Eliza Brownhome 2.0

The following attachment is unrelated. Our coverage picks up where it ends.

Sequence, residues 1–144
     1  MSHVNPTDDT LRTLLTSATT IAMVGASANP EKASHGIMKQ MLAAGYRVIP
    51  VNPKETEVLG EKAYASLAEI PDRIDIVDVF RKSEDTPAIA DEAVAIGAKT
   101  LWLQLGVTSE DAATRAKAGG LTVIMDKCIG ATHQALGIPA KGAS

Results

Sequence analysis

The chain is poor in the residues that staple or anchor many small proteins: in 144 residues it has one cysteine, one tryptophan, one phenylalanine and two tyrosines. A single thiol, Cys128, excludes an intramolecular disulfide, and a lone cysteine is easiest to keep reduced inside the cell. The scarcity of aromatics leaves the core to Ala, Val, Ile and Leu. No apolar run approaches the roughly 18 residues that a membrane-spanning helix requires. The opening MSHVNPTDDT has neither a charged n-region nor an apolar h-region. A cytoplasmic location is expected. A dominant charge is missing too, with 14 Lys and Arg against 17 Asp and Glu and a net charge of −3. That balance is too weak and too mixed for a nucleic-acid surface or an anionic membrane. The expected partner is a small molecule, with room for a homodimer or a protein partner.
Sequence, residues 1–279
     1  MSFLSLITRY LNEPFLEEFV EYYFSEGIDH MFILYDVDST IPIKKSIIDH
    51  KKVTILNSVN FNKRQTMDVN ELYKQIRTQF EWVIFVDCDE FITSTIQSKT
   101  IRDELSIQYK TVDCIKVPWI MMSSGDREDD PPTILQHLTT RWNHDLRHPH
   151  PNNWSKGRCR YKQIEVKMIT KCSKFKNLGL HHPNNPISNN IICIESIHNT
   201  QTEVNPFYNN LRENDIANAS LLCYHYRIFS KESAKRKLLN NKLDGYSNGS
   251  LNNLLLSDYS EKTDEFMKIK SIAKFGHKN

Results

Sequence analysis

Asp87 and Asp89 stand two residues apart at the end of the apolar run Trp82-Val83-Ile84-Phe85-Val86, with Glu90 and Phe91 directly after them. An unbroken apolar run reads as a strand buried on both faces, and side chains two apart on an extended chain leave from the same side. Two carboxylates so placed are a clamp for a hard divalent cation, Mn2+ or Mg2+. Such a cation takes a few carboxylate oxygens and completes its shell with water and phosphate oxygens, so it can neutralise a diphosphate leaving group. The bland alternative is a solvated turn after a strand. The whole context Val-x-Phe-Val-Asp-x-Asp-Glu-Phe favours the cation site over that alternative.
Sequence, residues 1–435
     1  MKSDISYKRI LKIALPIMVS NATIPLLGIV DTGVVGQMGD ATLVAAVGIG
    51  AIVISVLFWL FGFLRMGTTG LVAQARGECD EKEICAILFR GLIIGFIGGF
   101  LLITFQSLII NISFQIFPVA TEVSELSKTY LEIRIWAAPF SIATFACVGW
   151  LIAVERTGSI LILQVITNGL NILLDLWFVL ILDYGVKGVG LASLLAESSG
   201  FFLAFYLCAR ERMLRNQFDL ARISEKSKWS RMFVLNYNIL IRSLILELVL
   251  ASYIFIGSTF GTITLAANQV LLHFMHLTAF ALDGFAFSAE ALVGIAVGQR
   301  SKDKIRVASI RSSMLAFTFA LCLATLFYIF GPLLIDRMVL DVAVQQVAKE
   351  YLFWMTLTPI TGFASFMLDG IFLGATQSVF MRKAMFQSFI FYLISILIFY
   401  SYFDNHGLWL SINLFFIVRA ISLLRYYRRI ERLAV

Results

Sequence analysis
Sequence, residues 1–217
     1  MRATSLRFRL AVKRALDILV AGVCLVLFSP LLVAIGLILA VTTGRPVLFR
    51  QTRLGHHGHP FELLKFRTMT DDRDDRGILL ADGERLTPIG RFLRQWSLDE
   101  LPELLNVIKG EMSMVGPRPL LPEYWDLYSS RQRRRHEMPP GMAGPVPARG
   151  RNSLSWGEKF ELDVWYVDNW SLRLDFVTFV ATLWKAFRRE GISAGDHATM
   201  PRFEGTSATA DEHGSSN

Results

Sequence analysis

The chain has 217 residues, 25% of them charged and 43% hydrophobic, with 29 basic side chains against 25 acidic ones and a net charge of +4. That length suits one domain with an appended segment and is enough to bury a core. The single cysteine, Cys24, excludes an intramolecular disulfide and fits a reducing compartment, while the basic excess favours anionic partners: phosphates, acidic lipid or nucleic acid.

This past weekend, after six months of preparation including writing a detailed lease, we moved our family of five back into Eliza Brownhome, our 40′ Bluebird school bus. For those of you who don’t know the back story, we bought this bus ten years ago as a yellow school bus full of seats. We parked it in East Vancouver in my sister’s backyard and undertook the very lengthy conversion process. We lived there for five years and developed an amazing community of friends and neighbours. We had a view of a lake out our windows, we grew a prolific garden and our oldest son was born in the bed in that bus. There were challenges and joys and through it all, the abiding mutually supportive relationship of two families growing together. It was a transformative experience. When I got pregnant with our daughter, we felt it was time to move on, both from the big city and from life in a bus. We moved to a small town and rented a house. That was four years ago. Over the last winter, we developed a friendship with some local farmers and we’ve come up with an agreement where we will live on their farm at reduced rent and will help them with the farm. It’s been a dream of ours to live a more rural, self-sufficient life for some time and this is an amazing opportunity, a giant leap in that direction. But after four years and the addition of two children to the family, the thought of returning to Eliza Brownhome has often felt extremely daunting. I would like to write more about how it felt to move out of the bus as well as how I feel now that we are back in the coming weeks so stay tuned for that. In the mean time, I thought you’d like a tour. I’m sure a lot of you are wondering how we can fit a family of five into 300 square feet so a portion of the tour will be devoted to our storage solutions. Welcome. I am pleased to introduce Eliza Brownhome, our beloved 1974 Bluebird schoolbus. First up, for your enjoyment, the scene on Friday morning, when despite a lot of downsizing and sending boxes and furniture to a rented storage locker, we were still a little hard pressed to fit all of our belongings from a 4 bedroom house into our 7.5′ x 40′  new home. The scene on Sunday afternoon was considerably calmer as I remembered where we used to keep everything and re-discovered how much storage space there really is in here. From the front door, looking toward the back, our main living area with woodstove, kitchen and through the curtain at the back, a peek into our bedroom. The couch on the left can sleep one and the table can be removed so that the couch on the right can sleep two, not comfortably long term, but well-enough for a couple of nights. Here we have the kitchen, with cabinets my dad made us. The layout of this kitchen continues to amaze us, despite being tiny, it’s well-thought out and very easy to work in, everything is handy and within reach. In the past, we’ve had 3 people working in relative comfort at the same time. Also, wonder of wonders, I managed to fit almost everything we had in our last kitchen into these remarkably spacious cabinets. (The only things I sent to storage were our turkey roaster and our canner). Here is the tile backsplash and spice rack. I love having the little strip of tile beside the stove for putting a hot pot or kettle on when we’re feeling a little pinched by the lack of a 4th burner. We call this the pantry. It sits above our propane furnace, between our dual propane/electric fridge and our bedroom closet.  We did downsize some of our dishes and glassware but we didn’t have to get rid of any of our dry goods. That bottom shelf houses: flour white sugar brown sugar icing...